By White House –, Public Domain,

By: Jessica Johnson

In addition to the tragic loss of life, the costs of health care treatment and prevention of disease outbreaks costs the global economy billions. For example, the Zika virus cost an estimated $3.5 billion, severe acute respiratory syndrome (SARS) cost an estimated $40 billion, and HIV/AIDS costs an estimated $563 billion.[1] Like previous public health emergencies, the coronavirus is already showing signs of these devastating collateral harms, which can make employees too sick to work, interrupt business operations, shrivel tourism revenues, disrupt markets, increase health care expenditures, and threaten the stability of governments.[2] Given the significant social and financial implications of public health emergencies, the public and private sectors must grapple not only with promoting public safety but also with how to finance and maintain economic stability.

What is the Coronavirus?

The coronavirus was first identified in the 1960s in humans.[3] Now there are seven known strains.[4] Four of the strains cause relatively benign symptoms similar to the “common cold,” such as mild fever, runny nose, cough, or headache.[5] Two strains — SARS and Middle East respiratory syndrome (MERS) — may cause severe illness and death.[6] The seventh strain of coronavirus was just discovered in Wuhan, China in December of 2019.[7] Symptoms resemble other coronavirus strains, causing “mild to severe respiratory illness with fever, cough, and difficulty breathing.”[8] As of February 9, 2020, there have been over 37,000 confirmed cases, with the majority occurring in China.[9] Of these 37,000 confirmed cases, over 800 people have died thus far.[10] The U.S. Centers of Disease Control and Prevention (CDC) predict that cases, and potentially the death toll, will continue to rise.[11]

Financial Impact of Public Health Emergencies

Given the devastation of many disease outbreaks, the CDC declared “[t]here is perhaps no greater investment toward protecting our physical, social, and economic wellbeing than global health security.”[12] Since the coronavirus outbreak, China’s socioeconomic wellbeing has gravely suffered. Chinese officials canceled many cities’ Lunar New Year celebration, which is the country’s largest holiday.[13] This celebration was expected to bring over 3 million travelers and generate $74.4 billion for the economy.[14] Instead of generating vast tourism revenue, China’s central bank spent $173 million dollars as a precautionary measure “to cushion the shock to financial markets from the outbreak of a new [corona]virus.”[15] Nevertheless, China’s stock market still plummeted 9.1% when markets reopened following the Lunar holiday shutdown.[16] Even with the central bank’s bailout, this was the market’s worst opening in 13 years.[17] 

The negative impact on China’s economy has impacted U.S. businesses as well. Many companies that rely on Chinese manufacturing are experiencing product shortages.[18] For example, Under Armour reported a projected loss of $60 million as a result of the coronavirus outbreak.[19] Delta, United, and American Airlines have stopped commercial flights to China, and multiple pilot unions have procured agreements with FedEx and United Postal Service (UPS) to ensure pilots may decline to fly to China.[20] Disney’s closure of Chinese theme parks cost the company around $175 million.[21] Apple also fears supply chain disruptions, Hyundai has temporarily stopped production, luxury brands like Kate Spade, Coach, and Burberry expect losses, as do Starbucks, McDonalds, Ford, Tesla, and many other companies.[22] With our now globalized economy that features interdependent buyers and suppliers, an economic disruption as large as coronavirus will surely ripple around the world.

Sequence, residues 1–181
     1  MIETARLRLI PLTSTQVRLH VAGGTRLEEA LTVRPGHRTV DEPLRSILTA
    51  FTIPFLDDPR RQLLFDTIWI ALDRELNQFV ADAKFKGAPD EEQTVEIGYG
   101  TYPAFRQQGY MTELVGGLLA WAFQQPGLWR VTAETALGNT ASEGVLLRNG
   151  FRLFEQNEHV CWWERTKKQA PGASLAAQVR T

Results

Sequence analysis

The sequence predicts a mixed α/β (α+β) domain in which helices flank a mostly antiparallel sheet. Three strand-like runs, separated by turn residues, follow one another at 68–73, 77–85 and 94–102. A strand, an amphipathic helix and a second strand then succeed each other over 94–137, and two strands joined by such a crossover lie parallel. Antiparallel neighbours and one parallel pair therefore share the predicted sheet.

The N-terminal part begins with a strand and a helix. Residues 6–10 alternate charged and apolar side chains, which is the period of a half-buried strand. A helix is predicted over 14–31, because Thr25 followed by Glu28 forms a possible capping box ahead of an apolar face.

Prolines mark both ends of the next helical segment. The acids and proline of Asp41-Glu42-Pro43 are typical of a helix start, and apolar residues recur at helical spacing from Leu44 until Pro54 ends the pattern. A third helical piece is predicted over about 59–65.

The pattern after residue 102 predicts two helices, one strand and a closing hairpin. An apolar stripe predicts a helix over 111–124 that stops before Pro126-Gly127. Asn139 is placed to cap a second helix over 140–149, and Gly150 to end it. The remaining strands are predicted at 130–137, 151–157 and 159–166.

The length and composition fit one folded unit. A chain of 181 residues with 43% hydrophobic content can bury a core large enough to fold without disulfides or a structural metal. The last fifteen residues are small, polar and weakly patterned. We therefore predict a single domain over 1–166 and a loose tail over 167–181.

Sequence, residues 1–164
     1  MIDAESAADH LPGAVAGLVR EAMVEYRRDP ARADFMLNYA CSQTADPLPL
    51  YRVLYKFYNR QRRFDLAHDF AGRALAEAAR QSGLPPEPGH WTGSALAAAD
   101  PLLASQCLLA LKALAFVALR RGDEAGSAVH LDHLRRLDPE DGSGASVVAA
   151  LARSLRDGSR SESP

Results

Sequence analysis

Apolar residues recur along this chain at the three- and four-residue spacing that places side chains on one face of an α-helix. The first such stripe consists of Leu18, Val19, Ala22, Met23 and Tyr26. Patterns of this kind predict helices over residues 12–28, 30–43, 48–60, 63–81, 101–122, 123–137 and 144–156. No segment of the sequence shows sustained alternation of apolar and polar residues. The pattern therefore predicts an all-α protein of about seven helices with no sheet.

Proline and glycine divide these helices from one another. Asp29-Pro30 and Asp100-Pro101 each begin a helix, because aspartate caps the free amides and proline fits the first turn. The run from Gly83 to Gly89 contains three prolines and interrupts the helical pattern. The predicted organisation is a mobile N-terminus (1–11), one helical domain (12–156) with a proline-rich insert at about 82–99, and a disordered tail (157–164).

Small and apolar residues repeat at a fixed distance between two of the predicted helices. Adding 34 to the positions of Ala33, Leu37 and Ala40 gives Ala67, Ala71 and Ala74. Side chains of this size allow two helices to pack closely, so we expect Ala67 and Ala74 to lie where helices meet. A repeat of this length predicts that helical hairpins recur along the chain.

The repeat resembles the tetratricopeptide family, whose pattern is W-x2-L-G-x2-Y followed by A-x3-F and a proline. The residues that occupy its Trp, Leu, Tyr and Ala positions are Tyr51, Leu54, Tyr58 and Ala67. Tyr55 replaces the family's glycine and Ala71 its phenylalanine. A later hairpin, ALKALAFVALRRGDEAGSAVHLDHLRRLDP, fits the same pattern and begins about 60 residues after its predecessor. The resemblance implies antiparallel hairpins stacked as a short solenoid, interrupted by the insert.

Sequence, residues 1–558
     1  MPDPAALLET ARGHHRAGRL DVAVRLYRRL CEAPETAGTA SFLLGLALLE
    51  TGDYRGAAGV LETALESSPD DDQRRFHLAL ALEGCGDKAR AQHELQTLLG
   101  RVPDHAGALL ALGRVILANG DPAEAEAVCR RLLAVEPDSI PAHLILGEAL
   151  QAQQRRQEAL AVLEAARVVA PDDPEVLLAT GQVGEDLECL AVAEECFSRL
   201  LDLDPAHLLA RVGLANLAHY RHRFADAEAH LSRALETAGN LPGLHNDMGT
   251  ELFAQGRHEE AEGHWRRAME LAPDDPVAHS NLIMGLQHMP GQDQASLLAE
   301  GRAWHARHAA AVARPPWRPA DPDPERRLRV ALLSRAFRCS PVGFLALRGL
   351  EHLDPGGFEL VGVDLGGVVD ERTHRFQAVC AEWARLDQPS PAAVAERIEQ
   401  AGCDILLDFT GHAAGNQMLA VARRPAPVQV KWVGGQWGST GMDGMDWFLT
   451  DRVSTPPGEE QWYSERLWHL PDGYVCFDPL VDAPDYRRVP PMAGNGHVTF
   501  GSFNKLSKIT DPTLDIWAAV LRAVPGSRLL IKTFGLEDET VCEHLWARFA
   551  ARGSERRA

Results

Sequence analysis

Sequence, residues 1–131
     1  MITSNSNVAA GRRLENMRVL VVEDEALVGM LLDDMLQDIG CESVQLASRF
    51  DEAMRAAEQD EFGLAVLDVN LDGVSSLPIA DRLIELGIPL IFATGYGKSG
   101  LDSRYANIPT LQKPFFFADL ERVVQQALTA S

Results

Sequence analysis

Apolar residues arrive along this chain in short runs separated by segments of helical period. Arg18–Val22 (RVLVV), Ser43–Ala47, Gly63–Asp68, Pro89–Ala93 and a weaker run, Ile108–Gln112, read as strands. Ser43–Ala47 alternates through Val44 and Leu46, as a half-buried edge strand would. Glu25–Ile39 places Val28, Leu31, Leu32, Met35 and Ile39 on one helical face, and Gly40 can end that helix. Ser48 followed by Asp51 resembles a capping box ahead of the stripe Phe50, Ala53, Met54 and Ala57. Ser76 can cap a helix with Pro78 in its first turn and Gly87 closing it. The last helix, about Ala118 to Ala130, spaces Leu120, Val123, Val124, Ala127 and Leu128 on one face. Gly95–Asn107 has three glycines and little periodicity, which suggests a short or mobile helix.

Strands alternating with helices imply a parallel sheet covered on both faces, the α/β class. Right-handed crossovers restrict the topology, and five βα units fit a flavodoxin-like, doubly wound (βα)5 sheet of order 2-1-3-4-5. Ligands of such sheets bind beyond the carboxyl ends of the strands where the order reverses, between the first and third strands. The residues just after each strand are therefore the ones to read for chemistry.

Public Health Emergencies in the U.S.: What Could the Government’s Economic Response Look Like?

On January 31, 2020, the Health and Human Services (HHS) Secretary, Alex Azar, declared the coronavirus a U.S. public health emergency.[23] This declaration granted him broad discretionary authority, under the Public Health Services Act (PHSA), to assist states, tribal governments, and even public and private health care entities, such as by grant making and supporting public and private research “into the cause, treatment, or prevention of the disease or disorder.”[24] The last public health emergency declared under the PHSA, before the coronavirus, was the opioid epidemic, which culminated in over $485 million in grants to the states and community groups to finance treatment and prevention.[25] Since this funding is highly discretionary, large sums went to help businesses develop a new workforce, such as by training new employees who struggled with opioid addiction.[26] 

In addition to the PHSA, President Trump could issue a declaration under the National Emergencies Act (NEA).[27] While the NEA itself does not provide emergency powers, it permits the President to evoke emergency powers delineated in other statutes.[28] The last President to evoke the NEA was President Obama during the 2009 H1N1 outbreak in order to provide aid to states as the scope of the H1N1 virus would have likely overwhelmed their health care resources, requiring emergency federal aid to help finance treatment and prevention.[29] State and local government health departments and private health systems often lack the funding, expertise, and specially-skilled staff needed to handle large-scale epidemics.[30]  If the coronavirus spreads on scale similar to H1N1, President Trump could foreseeably evoke the NEA to better coordinate and finance the response across public and private entities.

Whether the U.S. responds to the threat of the coronavirus solely through HHS under the PHSA, a combination of the PHSA and the NEA, or even through additional Congressional legislation and appropriations, it is clear that, if the coronavirus sweeps the nation, the federal government will need to take emergency action to insure the long-term viability of the people and the economy.